View from Frary Peak Trailhead, Antelope Island State Park
Nikon D200, handheld, f22, 1/125, ISO 400, -0.7 EV, Nikkor 18-200mm VR at 32mm
I’ve been asked on occasion how I have achieved very smooth backgrounds in my bird images, at times people have even asked if I have used a set up with a fake background such as painted canvas or plywood board hung behind an area where the birds are located. The reason they are called “set ups” is that it usually means that the birds have been baited or called in using repetitive sound recordings; or both, to entice or manipulate the subject into an area that has been artificially arranged to appear natural, sometimes the background is natural and other times people do use created backgrounds. Usually the background has a very smooth blur to it. Often the branch, stump, rock or other features that the birds are enticed to perch on have been selected from a natural area, removed and brought into the set up.
I don’t do set up shots, bait or call birds in using recordings because of my personal wildlife ethics but I can get the creamy smooth backgrounds often seen in set up shots while photographing in natural locations by knowing the location well, knowing the distance between the subject and the background features and selecting an aperture that will work the best for getting the degree of background blur desired.
I often find birds perched on the foreground rocky outcropping shown above when I am out in the field photographing on Antelope Island State Park in Utah. The rocks have lovely colors, texture and character, except for the whitewash of course but even that is natural although unappealing to some. Usually when I am photographing a bird on these rocks I am a bit closer and positioned slightly further to the east which is on the right side of this frame. I took this image specifically to show what was in the background of this setting and by using an aperture of f22 I have closely; or nearly perfectly, shown what the human eye would see of this scene which includes details, the texture of the rocks and variations in the topography of the hillside to the north.
In this duplicated photo I have outlined in red the general area that is normally behind these rocks when I am positioned further to the right to get a better angle of light on the subject. The “bokeh” of my lens and my choice of aperture will blur or smooth out the background behind the birds images posted below. There is no bokeh on these landscape images.
What is Bokeh?
“In photography, bokeh is the blur, or the aesthetic quality of the blur, in out-of-focus areas of an image, or “the way the lens renders out-of-focus points of light.” Differences in lens aberrations and aperture shape cause some lens designs to blur the image in a way that is pleasing to the eye, while others produce blurring that is unpleasant or distracting—”good” and “bad” bokeh, respectively. Bokeh occurs for parts of the scene that lie outside the depth of field. Photographers sometimes deliberately use a shallow focus technique to create images with prominent out-of-focus regions.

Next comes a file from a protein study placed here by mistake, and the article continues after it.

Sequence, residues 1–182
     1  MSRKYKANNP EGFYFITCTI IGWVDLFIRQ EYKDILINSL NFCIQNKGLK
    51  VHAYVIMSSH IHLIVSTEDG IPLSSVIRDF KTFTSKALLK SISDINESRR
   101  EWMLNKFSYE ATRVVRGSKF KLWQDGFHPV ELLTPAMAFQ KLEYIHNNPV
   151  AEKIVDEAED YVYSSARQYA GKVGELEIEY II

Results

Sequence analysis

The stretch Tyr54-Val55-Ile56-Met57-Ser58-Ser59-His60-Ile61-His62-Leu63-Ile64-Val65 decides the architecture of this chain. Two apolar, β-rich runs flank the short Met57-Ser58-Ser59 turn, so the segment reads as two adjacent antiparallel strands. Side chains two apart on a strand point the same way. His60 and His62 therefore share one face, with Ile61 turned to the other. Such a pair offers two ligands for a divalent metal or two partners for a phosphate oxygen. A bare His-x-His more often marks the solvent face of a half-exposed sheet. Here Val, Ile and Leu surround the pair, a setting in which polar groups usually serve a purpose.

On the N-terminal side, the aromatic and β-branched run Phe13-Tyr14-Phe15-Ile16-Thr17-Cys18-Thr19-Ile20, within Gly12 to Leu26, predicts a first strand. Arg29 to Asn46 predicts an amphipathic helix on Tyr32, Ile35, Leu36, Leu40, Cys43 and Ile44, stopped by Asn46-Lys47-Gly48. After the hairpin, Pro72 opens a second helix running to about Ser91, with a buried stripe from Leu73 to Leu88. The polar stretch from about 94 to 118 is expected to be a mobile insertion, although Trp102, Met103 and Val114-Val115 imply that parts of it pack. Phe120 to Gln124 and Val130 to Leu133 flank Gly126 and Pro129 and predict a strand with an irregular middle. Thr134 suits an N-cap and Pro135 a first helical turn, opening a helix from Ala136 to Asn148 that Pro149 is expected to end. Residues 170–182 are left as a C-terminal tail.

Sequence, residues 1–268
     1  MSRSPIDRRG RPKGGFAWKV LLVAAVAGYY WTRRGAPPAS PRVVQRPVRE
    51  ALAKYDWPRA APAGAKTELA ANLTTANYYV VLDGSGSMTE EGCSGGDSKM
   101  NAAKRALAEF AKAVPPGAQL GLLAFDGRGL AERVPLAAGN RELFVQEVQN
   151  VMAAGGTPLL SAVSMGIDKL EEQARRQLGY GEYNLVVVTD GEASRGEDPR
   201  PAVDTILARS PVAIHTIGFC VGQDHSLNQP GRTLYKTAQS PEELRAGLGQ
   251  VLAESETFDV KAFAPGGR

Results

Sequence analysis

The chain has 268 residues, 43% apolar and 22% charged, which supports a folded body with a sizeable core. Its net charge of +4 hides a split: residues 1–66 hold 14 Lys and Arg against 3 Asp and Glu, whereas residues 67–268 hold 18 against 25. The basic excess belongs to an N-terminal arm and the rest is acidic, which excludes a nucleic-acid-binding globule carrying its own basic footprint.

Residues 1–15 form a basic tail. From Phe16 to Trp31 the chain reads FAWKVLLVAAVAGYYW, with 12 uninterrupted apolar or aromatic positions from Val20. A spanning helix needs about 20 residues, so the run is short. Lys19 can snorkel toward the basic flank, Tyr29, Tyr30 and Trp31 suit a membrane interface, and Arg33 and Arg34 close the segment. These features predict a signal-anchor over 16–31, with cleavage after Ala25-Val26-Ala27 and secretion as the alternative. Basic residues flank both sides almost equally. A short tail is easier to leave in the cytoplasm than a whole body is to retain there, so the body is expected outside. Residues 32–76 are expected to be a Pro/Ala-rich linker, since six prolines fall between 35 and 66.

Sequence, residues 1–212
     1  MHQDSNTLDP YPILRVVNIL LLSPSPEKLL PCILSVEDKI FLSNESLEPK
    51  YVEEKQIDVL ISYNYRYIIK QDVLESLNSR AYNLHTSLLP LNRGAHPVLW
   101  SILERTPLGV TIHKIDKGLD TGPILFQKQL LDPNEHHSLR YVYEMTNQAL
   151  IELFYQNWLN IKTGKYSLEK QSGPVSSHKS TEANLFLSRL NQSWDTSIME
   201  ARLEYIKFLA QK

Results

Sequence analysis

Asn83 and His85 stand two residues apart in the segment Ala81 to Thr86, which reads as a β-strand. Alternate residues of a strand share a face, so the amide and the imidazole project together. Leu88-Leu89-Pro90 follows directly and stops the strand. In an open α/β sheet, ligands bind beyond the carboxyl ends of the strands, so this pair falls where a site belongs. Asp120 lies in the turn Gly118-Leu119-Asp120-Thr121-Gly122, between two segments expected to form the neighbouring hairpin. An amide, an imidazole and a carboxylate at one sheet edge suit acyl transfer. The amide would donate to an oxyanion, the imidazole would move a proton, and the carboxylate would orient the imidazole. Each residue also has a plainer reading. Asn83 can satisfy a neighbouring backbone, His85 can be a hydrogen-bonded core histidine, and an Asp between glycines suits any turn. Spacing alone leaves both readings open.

Bokeh is often most visible around small background highlights, such as specular reflections and light sources, which is why it is often associated with such areas. However, bokeh is not limited to highlights; blur occurs in all out-of-focus regions of the image.”
*Mirror Reflex lenses may be far less expensive than quality prime or zoom lenses but the bokeh of mirror reflex lenses is very unappealing and distracting in my opinion.
This male American Kestrel was photographed on the rocky outcropping (just to the right of the red frame on the highest point in the image above) and it has a very smooth bokeh, in fact it would be extremely difficult to guess that there is a grassy slope behind the falcon. If I had photographed this at f22 some of the details, textures and topography would have been visible in the distance but since I used f6.3 and kept just the bird and the rock within my field of focus I have a silky smooth background.
This Chukar was photographed yesterday on the same rock as the American Kestrel on a different day with low light, the Chukar is slightly larger than the falcon so I need just a bit more depth of field which is why I used f7.1. Again the background is nicely blurred. I can understand why some viewers might think this was a set up shot.
The grassy slope in the background is probably a mile or so away, if the background features were much closer I would not be able to get the same featureless bokeh.
So what happens when the background features are closer? In the image above the Chukar was on a rock with wild Black Mustard in the background, the mustard plants were far enough away that the bokeh blurred them but they are still recognizable as plant material. I would not call this a featureless bokeh and most viewers would not mistake it for a set up shot.
Do I prefer the featureless background bokeh over the one where the features are blurred but still recognizable? No, I love them both and appreciate each one individually.
For me; I want to be out in the field soaking in the wildness, observing birds doing what they do when they want to do it. I love the journey to the location. I want to absorb the peaceful feeling I get when I am immersed in the sounds, sights and smells and I want to learn as much as I can about my subject’s natural behavior and habitat. I relax behind the viewfinder and get a thrill when the action starts to happen. I’d miss out on all of that if I were to do set up shots so I’ll just keep on doing what I’ve been doing because it is my preference. And if that means I spends hours, days or even weeks waiting for the images I want out in the wild I just can’t think of a better way to spend my time!
For a depth of field and bokeh comparison of two Eagle images see this post: Bald Eagle and depth of field